To Other Parents, Please Stop Asking me THIS Question

“Where are you going to school?”

“What will you major in?”

“Are you excited?”

My daughter fields these questions with ease. She’s been eagerly awaiting post-high school life since the age of 13 when she declared herself ready for college. While these last four years have flown for me, she’s been slogging through it and she’s ready to go.

Why do people ask ME what I’LL do once my daughter leaves home? (Shutterstock insta_photos)

My daughter answers questions about her future with ease

She’s asked many questions – polite and inquisitive conversation starters. As the graduate’s mother, I’m asked just one, delivered with a sympathetic smile or a patronizing pat on the shoulder. It’s a question that can easily lead me into an exaggerated eye roll or a total rage, the type of feelings that come in ALL CAPS. 

“And how about you, mom? What will you DO after she leaves?”

I try to respond with pleasantries while I silently seethe.

What will I DO after she leaves? As if there will suddenly be NOTHING TO DO once our youngest heads out? As if we haven’t prepared for this moment over the days, weeks, months and years leading up to it? As if I am not my own person with actual – I don’t know – THINGS TO DO?

Why do people always ask what I’ll do when my daughter goes to college?

Do they anticipate finding me months from now, curled in the fetal position on my daughter’s freshly laundered bed, an empty box of bon-bons beside me, tears and drool staining the pillows she left behind?

What shall I do with this NOTHINGNESS, these seconds and minutes and hours that need to be filled? What do they THINK I will do once she departs?

Yes, I will cry. A bit. Out of relief and joy and nostalgia, not sadness. And then I’ll do all the normal things one does like, say, take a shower and put on pants and show up for obligations and figure out what to make for dinner because if there’s one thing I’ve learned in the last few decades, it’s that it’s not going to make itself.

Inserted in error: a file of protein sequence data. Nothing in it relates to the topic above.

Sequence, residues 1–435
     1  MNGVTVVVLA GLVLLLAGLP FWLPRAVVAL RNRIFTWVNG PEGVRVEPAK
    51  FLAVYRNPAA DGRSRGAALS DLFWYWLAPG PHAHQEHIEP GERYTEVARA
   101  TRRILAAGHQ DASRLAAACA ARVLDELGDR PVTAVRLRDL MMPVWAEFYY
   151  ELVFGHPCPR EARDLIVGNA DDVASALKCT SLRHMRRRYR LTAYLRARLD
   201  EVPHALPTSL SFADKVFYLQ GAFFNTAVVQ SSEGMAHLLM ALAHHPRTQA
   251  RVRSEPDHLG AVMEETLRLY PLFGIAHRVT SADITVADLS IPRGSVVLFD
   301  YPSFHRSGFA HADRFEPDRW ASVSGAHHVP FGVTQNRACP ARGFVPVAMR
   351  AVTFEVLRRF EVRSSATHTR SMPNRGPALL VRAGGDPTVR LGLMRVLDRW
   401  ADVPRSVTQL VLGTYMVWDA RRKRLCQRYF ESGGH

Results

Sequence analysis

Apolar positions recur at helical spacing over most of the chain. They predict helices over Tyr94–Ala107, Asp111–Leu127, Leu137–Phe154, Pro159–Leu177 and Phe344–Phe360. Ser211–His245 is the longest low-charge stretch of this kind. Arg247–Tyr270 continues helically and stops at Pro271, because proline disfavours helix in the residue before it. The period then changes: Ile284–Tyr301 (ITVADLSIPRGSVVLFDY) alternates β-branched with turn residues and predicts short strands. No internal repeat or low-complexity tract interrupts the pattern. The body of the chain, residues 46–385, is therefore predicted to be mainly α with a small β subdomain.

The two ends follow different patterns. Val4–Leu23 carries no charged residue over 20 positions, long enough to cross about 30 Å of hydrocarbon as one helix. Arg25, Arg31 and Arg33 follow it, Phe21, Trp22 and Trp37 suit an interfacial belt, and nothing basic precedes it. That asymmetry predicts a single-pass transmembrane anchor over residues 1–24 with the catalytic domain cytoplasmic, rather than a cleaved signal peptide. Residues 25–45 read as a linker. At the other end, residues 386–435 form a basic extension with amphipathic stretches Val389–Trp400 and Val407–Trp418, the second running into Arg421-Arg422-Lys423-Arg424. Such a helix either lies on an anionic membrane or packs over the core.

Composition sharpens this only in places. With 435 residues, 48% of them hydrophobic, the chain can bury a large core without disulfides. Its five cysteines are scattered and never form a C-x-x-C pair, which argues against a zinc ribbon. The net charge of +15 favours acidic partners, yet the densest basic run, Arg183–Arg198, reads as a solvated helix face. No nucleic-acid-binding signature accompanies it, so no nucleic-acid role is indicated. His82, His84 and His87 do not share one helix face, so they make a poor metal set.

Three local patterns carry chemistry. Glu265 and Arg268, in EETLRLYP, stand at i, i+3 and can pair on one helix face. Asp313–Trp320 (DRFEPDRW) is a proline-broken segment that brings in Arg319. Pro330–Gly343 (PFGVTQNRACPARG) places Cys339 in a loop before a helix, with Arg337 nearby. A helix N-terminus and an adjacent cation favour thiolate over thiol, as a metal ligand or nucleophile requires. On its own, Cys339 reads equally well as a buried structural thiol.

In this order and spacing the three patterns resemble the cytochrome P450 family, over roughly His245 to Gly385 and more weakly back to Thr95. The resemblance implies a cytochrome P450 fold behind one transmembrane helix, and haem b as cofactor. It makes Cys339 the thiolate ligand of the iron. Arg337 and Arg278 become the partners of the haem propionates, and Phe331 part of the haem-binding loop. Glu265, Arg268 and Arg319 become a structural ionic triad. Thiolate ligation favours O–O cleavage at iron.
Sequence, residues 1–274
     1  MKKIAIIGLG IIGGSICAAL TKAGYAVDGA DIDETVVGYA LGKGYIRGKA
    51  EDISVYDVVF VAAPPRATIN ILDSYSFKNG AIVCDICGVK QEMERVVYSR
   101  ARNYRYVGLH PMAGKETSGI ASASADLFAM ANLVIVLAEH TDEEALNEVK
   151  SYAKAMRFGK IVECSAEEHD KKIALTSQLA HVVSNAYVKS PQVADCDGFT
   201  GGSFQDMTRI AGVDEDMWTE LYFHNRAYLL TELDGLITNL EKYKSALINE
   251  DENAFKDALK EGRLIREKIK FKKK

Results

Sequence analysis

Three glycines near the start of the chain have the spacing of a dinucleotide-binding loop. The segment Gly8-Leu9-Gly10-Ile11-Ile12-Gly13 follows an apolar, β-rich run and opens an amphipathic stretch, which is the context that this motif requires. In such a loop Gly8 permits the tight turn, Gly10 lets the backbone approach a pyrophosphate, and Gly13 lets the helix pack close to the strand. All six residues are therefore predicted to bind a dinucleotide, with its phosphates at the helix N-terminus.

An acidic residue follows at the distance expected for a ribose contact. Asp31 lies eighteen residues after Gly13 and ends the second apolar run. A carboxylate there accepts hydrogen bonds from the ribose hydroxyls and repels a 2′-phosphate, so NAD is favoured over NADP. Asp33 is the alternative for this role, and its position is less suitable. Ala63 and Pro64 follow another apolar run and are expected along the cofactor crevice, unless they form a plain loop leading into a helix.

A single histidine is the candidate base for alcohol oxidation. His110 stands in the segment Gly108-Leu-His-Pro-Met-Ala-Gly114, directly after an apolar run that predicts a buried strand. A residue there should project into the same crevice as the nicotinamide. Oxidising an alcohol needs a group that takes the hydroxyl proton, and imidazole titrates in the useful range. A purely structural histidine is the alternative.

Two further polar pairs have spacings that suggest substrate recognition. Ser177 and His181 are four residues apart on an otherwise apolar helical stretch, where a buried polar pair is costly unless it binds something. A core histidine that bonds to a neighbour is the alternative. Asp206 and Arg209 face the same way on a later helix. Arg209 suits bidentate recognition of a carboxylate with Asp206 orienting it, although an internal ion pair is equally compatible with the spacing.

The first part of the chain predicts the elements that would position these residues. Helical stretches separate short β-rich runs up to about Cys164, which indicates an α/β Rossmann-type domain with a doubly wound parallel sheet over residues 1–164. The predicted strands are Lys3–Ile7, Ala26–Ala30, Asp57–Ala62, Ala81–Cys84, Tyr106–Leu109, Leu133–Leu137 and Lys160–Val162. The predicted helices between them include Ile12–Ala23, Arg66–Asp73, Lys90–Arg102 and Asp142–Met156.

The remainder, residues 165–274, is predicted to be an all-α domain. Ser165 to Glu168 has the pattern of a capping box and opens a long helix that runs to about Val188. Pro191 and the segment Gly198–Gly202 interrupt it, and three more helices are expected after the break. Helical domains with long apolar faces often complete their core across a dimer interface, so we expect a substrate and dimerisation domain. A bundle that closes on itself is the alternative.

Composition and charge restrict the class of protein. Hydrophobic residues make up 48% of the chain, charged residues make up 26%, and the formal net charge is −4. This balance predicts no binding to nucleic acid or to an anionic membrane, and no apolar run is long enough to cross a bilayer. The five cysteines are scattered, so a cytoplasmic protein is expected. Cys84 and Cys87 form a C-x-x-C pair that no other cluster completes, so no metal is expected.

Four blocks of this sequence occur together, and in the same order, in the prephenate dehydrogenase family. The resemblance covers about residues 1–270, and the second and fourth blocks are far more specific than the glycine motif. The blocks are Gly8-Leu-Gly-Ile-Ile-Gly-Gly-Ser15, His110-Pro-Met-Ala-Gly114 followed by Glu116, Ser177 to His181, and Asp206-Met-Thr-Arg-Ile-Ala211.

Sure, I might bemoan the relative quietness of the house. I might miss her. I might also, be really, really busy. Why? Because there’s still so much to DO.

I have been juggling work and home

How about work, for one? I’m currently juggling a full-time role, two adjunct teaching positions, and a consultancy practice. Frankly, I could use a few extra hours in my day. For many of us, work will continue or will start up again. Earning a paycheck, making the most of our capabilities, and saving for retirement will be all the more important with two kids in college. 

How about that other role, the one that suddenly snuck up on us? Just as our kids insist they no longer need our parenting, we’re now called to parent the parents. We’re not just parents of sons and daughters, we too are daughters and sons as well as and aunts and uncles and cousins and friends and neighbors. There’s a village we’re part of that we have benefitted from and that we will continue to contribute to.

Does the doing stop once your child leaves home?

There are pets to care for, errands to run, laundry to do (albeit a little less than before), and houses and lawns to tend to. Does the BUTLER FAIRY suddenly show up and take on these tasks? And what I’ve gained by launching the glass hoarder in my house (why are there 6 empty ones in your room and why can’t they find their way to the dishwasher?), I’ve lost my garbage taker-outer, my mail picker-upper, my occasional dog walker.